ARPANET (Advanced research project agency network) is the oldest wide area packet switched network build by the DARPA (Defense advanced research project agency). Physically ARPANET consisted of about 50 BBN corp’s C30 and C300 minicomputers called the PSNs (packet switching nodes) that were scattered over US and Europe. Each PSN was a dedicated packet switching node. Point to point data circuits leased from long haul carriers connected the PSNs together to form a network.
ARPANET PSN port and protocol
Each ARPANET PSN port had upto 22 ports that enabled host computers to get connected to the ARPANET via the PSN. Divert connections were made by special interface boards that connected the host computer’s input/output port to the PSN port. Proper programming interfaces allows the host computers to send packets vis the host PSN ports.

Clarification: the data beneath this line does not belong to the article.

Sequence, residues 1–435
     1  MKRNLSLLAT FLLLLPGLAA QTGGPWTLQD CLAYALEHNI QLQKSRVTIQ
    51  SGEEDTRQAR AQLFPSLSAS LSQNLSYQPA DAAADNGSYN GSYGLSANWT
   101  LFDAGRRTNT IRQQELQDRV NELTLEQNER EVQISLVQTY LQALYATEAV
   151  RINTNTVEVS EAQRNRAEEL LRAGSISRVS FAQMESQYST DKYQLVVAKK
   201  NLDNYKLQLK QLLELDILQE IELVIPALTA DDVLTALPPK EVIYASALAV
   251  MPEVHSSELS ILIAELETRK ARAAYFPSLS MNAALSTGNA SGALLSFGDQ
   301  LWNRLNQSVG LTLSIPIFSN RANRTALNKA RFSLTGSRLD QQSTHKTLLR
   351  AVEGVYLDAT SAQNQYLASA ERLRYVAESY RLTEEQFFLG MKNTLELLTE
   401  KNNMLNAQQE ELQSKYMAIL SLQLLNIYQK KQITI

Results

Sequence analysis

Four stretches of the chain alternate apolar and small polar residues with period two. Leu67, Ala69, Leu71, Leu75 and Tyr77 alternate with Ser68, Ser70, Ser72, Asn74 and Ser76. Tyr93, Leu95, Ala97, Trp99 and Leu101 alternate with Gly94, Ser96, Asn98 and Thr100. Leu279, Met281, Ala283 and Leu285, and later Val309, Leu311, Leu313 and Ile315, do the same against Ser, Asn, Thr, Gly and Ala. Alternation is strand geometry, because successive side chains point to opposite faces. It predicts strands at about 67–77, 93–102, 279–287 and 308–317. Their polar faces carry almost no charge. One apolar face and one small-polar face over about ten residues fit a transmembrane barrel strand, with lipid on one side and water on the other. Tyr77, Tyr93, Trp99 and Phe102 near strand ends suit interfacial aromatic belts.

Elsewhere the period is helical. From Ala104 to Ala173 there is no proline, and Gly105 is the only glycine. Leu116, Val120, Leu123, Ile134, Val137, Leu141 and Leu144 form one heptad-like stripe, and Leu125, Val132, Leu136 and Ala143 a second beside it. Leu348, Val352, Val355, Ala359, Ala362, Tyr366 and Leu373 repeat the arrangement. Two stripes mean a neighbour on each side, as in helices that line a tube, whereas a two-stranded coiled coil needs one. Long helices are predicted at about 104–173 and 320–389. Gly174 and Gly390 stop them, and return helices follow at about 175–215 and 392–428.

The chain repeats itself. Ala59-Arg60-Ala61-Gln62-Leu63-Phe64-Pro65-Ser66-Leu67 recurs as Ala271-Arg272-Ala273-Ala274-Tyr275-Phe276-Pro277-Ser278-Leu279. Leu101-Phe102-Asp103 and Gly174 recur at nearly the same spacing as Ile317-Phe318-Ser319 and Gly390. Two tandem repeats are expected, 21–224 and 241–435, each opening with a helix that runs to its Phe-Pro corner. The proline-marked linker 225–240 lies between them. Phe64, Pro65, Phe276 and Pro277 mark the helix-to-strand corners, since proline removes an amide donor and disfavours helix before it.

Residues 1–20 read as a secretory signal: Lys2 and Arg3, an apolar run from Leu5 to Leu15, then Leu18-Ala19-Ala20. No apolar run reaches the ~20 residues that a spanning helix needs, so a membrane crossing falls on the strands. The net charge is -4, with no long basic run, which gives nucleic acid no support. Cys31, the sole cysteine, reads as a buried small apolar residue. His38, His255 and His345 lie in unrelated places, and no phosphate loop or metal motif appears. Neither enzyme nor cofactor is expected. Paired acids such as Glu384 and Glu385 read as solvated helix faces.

The PSN port hardware used a protocol knows as 1822 that permits the host to send a packet across the ARPANET to specified destination PSN and specified port on that PSN. 1822 provides a reliable flow controlled delivery. 1822 limits the number of packets that the host can send and also forces the host to wait for a ready for next message (RFNM) signal from the PSN before transmitting each packet to inside its reception at the destination.
ARPANET doesn’t support message headers and trailers and this the ARPANET messages are not self identifying.